NASA astronaut Sandy Magnus works out on the Advanced Resistive Exercise Device aboard the International Space Station. Image Credit: NASA
A new study of 13 International Space Station astronauts suggests a combination of strenuous weightlifting-like exercise and careful attention to diet and nutrition can stave off the bone loss long thought by experts to be an obstacle to long missions by astronauts to deep space destinations.
The study of nine men and four women assigned to the orbiting science laboratory between 2006 and 2009 was focused on the addition of the Advanced Resistive Exercise Device in late 2008.
The ARED joined a treadmill, bicycle ergometer and the less physically taxing Interim Resistive Exercise Device as the primary workout equipment used by station astronauts for more than two hours each day to maintain muscle and bone strength in the absence of gravity.
The ARED doubled the resistive force of the IRAD -- up to 600 pounds -- available to astronauts and increased from eight to 17 the kinds of weightlifting exercises they can perform, including squats, dead lifts, bench presses and curls.
The study compared results from pre and post-flight measurements of bone mineral density and bone mineral content in the eight astronauts who used the IRAD and five who used the ARED as part of their assigned daily exercise regimes. ARED use demonstrated a marked improvement, most noticeable in the pelvic, hip and lumbar spine regions of the skeletal system.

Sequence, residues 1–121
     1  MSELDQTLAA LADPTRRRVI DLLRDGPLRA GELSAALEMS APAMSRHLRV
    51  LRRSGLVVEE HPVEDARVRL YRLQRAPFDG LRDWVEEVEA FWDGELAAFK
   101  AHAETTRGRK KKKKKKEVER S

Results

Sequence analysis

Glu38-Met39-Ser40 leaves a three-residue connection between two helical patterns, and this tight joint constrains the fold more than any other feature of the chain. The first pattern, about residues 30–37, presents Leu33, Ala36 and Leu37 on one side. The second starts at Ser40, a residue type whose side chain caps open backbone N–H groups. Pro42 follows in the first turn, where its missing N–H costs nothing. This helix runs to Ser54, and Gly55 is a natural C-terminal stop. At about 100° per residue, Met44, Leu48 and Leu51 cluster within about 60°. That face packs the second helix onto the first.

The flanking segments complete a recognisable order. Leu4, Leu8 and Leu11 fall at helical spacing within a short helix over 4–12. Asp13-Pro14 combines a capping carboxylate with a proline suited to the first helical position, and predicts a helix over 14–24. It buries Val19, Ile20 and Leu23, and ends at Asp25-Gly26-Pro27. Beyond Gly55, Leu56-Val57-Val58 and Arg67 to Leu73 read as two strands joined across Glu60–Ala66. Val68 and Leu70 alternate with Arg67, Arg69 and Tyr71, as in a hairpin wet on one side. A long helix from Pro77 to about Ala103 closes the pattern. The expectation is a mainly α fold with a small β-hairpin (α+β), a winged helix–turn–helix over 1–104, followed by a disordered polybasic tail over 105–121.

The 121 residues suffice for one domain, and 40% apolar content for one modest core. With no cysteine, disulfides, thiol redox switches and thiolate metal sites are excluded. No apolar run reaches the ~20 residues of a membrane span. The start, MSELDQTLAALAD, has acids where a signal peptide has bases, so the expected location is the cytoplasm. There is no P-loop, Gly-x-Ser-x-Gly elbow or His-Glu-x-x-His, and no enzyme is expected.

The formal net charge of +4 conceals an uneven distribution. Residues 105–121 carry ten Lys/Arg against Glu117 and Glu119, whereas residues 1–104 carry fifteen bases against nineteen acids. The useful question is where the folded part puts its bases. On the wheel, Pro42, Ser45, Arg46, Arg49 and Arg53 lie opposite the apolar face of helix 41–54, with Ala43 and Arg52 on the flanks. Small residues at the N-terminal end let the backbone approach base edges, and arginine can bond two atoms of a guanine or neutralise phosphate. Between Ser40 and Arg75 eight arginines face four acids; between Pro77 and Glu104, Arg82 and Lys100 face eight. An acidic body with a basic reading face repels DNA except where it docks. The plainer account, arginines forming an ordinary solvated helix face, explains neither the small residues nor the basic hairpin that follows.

"After 51 years of human spaceflight, these data mark the first significant progress in protecting bone through diet and exercise," said Scott M. Smith, NASA nutritionist at the agency's Johnson Space Center in Houston and lead author of the 11-page study published in the September edition of the Journal of Bone and Mineral Research.
Prior to the ISS, medical specialists focused their efforts primarily on the use of aerobic exercise using treadmills, cycle ergometers and elastic expanders to mitigate bone and muscle loss.
Smith and a team that included five other researchers from the U.S. and Germany also found that daily diet and vitamin D supplements were an essential part of facilitating the normal rebuilding of bone strength, also called remodeling.
The research team urged further work in several key areas, including refinements in the optical exercise protocols and nutritional requirements as well as assessments of whether the remodeled bone is as strong as pre-flight skeletal tissue.
The study results were gathered using X-ray densitometry, blood and urine samples and a dietary log recorded by the astronauts.